Leonardo Da Vinci’s Secret Of The Mona Lisa Discovered

[Antonforever, CC BY-SA 3.0 , via Wikimedia Commons]

The Mona Lisa has always captivated onlooker. One of the most iconic paintings in the world, Leonardi Da Vinci painted a woman holding a rye smile between 1503 and 1506. The subject of the painting, believed to be Lisa Gherardini, is elegantly posed against a distant landscape with a winding river and distant mountains. Her enigmatic smirk and the intricate details in the background have captivated art enthusiasts, scholars, and the general public for centuries.

Now, researchers have discovered another secret hiding in plain sight of the world’s most famous painting. The foundational layer of oil paint that Leonardo applied to prepare the poplar wood panel for the Mona Lisa seems to have featured a unique chemical composition, distinct from his usual recipes.

By using X-ray diffraction and infrared spectroscopy, a team of scientists in France and Britain has detected a rare mineral compound within the iconic piece. The finding provides fresh insight into how the work from the early 1500s was painted, according to the study recently published in the Journal of the American Chemical Society, according to CNN.

Along with lead white pigment and oil, the compound — known as plumbonacrite — was found in the base layer of the paint. A study published in 2019 had identified the mineral in several 17th-century works by Rembrandt, but researchers had not come across it in works from the Italian Renaissance until the new analysis.

Plumbonacrite forms when lead oxides combine with oil. Mixing these two substances on a palette is a technique that later artists like Rembrandt used to help the paint dry, according to the study. Detecting the rare compound in the “Mona Lisa” suggested that Leonardo could have been the original precursor of this approach, said Gilles Wallez, an author of the latest study and a professor at Sorbonne University in Paris who also was a coauthor on the 2019 report.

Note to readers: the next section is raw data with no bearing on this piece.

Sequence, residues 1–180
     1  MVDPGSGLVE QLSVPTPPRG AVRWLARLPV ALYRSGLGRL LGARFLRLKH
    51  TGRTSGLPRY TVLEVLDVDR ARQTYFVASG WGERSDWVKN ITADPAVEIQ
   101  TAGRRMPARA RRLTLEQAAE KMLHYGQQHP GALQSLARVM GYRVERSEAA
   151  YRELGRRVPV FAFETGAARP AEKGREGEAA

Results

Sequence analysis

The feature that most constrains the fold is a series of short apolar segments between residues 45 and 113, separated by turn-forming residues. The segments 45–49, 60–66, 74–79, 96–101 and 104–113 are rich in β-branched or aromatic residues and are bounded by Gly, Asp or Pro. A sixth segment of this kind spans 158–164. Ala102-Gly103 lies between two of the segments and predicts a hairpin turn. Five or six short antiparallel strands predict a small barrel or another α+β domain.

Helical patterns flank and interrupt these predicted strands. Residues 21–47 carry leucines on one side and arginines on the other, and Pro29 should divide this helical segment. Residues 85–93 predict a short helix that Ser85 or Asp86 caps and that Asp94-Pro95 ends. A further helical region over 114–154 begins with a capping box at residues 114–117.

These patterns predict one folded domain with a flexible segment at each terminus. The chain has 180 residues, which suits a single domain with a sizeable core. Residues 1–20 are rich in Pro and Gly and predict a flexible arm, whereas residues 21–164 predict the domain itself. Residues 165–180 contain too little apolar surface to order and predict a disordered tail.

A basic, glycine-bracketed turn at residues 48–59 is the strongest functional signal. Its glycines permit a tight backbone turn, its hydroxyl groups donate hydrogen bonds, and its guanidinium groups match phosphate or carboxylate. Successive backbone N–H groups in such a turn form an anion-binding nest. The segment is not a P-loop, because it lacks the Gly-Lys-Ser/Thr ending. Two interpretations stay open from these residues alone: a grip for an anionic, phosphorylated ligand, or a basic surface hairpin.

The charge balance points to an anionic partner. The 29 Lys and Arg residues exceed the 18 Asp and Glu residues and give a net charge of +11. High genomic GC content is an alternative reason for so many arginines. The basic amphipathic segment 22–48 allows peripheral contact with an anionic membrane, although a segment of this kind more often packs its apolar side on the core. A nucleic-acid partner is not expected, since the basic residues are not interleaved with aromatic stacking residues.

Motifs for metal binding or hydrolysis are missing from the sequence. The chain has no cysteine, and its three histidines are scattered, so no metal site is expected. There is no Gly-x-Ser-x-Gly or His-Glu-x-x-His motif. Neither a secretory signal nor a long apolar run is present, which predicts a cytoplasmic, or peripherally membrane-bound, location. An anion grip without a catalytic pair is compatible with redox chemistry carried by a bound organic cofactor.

“Everything which comes from Leonardo is very interesting, because he was an artist, of course, but he was also a chemist, a physicist — he had lots of ideas, and he was an experimenter … attempting to improve the knowledge of his time,” Wallez said.

“Each time you discover something on his processes, you discovered that he was clearly ahead of his time,” he said.

What sets the Mona Lisa apart is Da Vinci’s revolutionary use of sfumato, a technique that involves subtle transitions between light and shadow to create a three-dimensional, soft-focus effect. This technique is exemplified in the way the subject’s smile seems to change depending on the viewer’s perspective. The painting’s intricate layers of glazes and meticulous attention to detail demonstrate Leonardo’s mastery as both an artist and, now, as a chemist. 

The Mona Lisa’s influence extends beyond the realm of art. It has been a source of inspiration for countless artists, writers, and thinkers over the centuries, and it remains a symbol of the enduring power of human creativity. The theft of the painting in 1911, which remained missing for two years, only added to its mystique and global fame. The Mona Lisa has become an enduring symbol of the art world, its value immeasurable, and its impact on culture and history immeasurable.

The artwork is on display at the Louvre Museum in Paris, where it continues to draw millions of visitors annually, and its enduring appeal lies in its timeless beauty and the enduring mystery of the woman it portrays.

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  1. A copy within the orig artwork, Nice
    Can we replicate

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